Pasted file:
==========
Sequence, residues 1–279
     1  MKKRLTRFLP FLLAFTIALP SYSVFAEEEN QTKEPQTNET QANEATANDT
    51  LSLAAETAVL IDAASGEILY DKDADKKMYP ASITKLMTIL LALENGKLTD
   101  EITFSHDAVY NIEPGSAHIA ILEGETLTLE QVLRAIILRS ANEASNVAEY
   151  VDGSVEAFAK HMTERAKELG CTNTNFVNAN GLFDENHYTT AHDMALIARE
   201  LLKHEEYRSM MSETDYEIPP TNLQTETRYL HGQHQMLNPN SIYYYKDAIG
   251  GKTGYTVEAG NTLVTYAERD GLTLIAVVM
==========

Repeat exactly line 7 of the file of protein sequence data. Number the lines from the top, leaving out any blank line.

   251  GKTGYTVEAG NTLVTYAERD GLTLIAVVM